Counter-terrorism cooperation could be hurt by Brexit

by Luke Lythgoe | 12.04.2016

Myth: Counter-terrorism cooperation wouldn’t be hurt by Brexit

InFact: Even if the UK continued to collaborate on swapping intelligence, it would lose its leading role setting EU security strategy

More information

Former MI6 spy chief Richard Dearlove has described the security cost to Britain of Brexit as “low”. He should know – except that he stopped heading the secret service in 2004 and his arguments fail to consider how European intelligence cooperation has become indispensable to less covert law enforcement.

For example, the UK currently shares information on suspects and missing persons via the Schengen Information System – a best-of-both-worlds scenario in which our EU membership allows us to access intelligence despite not being part of the Schengen Area. The UK will soon join EU countries sharing DNA, fingerprints and vehicle registration data, with plans to share passenger flight information in the future. As part of Eurojust we rely on investigations by other members to provide evidence in UK courts.

UK law enforcement uses these intelligence-sharing frameworks to prosecute cross-border criminals. No other country outside both the EU and Schengen is party to these agreements, meaning the UK’s readmission would set a precedent.

Eurosceptics may argue Britain’s intelligence clout would allow continuation of these arrangements, but they cannot know. Even if all 27 other states wanted to maintain cooperation, arrangements would need to be renegotiated after a vote to leave – something Metropolitan Police Commissioner Bernard Hogan-Howe has described as a “bureaucratic nightmare”.

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European Arrest Warrant

One security tool the UK would lose is the European Arrest Warrant, the EU-wide system for speedily extraditing criminals.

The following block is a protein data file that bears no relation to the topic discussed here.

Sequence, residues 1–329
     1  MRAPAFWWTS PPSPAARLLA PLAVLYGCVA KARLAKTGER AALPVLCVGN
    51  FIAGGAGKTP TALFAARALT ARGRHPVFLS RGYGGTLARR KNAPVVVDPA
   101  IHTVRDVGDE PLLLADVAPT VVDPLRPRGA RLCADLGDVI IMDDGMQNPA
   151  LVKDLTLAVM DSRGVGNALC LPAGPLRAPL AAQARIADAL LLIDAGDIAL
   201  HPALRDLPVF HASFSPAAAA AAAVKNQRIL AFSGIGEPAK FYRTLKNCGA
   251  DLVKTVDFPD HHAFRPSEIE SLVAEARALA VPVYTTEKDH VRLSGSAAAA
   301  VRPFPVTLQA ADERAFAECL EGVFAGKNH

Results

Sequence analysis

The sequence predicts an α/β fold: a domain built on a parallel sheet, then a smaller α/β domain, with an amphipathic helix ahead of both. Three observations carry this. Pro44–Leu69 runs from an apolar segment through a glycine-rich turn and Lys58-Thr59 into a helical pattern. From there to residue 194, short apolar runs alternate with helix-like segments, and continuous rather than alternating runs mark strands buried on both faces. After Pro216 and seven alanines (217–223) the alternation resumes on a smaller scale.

The warrant has also proved effective in terrorism cases: the failed 21 July London bomber Hussein Osman was brought back to the UK from Rome within eight weeks of a European Arrest Warrant being issued. Compare that to the Algerian Rachid Ramda, wanted for his role in the 1995 Paris Metro bombing at a time the European Arrest Warrant didn’t exist. Ramda’s return to France from Britain took 10 years to agree.

A place at the table

Brexit would also mean leaving Europol, the EU’s law enforcement agency. The UK could of course continue cooperating with Europol if it negotiated a similar agreement to that of Norway. But this would limit cooperation to sharing information via liaison officers representing Britain at Europol.

What the UK wouldn’t be able to do is help set Europol’s priorities. Europol chief Rob Wainwright, incidentally a Brit, told the BBC’s Today programme that Britain is a “driver” of EU security policy. It seems foolhardy to give up this leadership role at a time when security threats are increasingly planned and coordinated across borders.

This article is an adaptation of a piece that previously appeared on InFacts.

Edited by Geert Linnebank

One Response to “Counter-terrorism cooperation could be hurt by Brexit”

  • According to the Wikipedia: “Europol cooperates on an operational basis with: Albania, Australia, Canada, Colombia, Iceland, Liechtenstein, Republic of Macedonia, Monaco, Montenegro, Norway, Serbia, Switzerland, the United States and Interpol.
    It has strategic agreements with: Bosnia and Herzegovina, Moldova, Russia, Turkey, Ukraine, United Nations Office on Drugs and Crime and the World Customs Organization.”

    It is therefore plainly obvious that Brexit will cripple any attempt we make to combat terrorism. So I will change my vote to “Remain”. By the way, I am mad.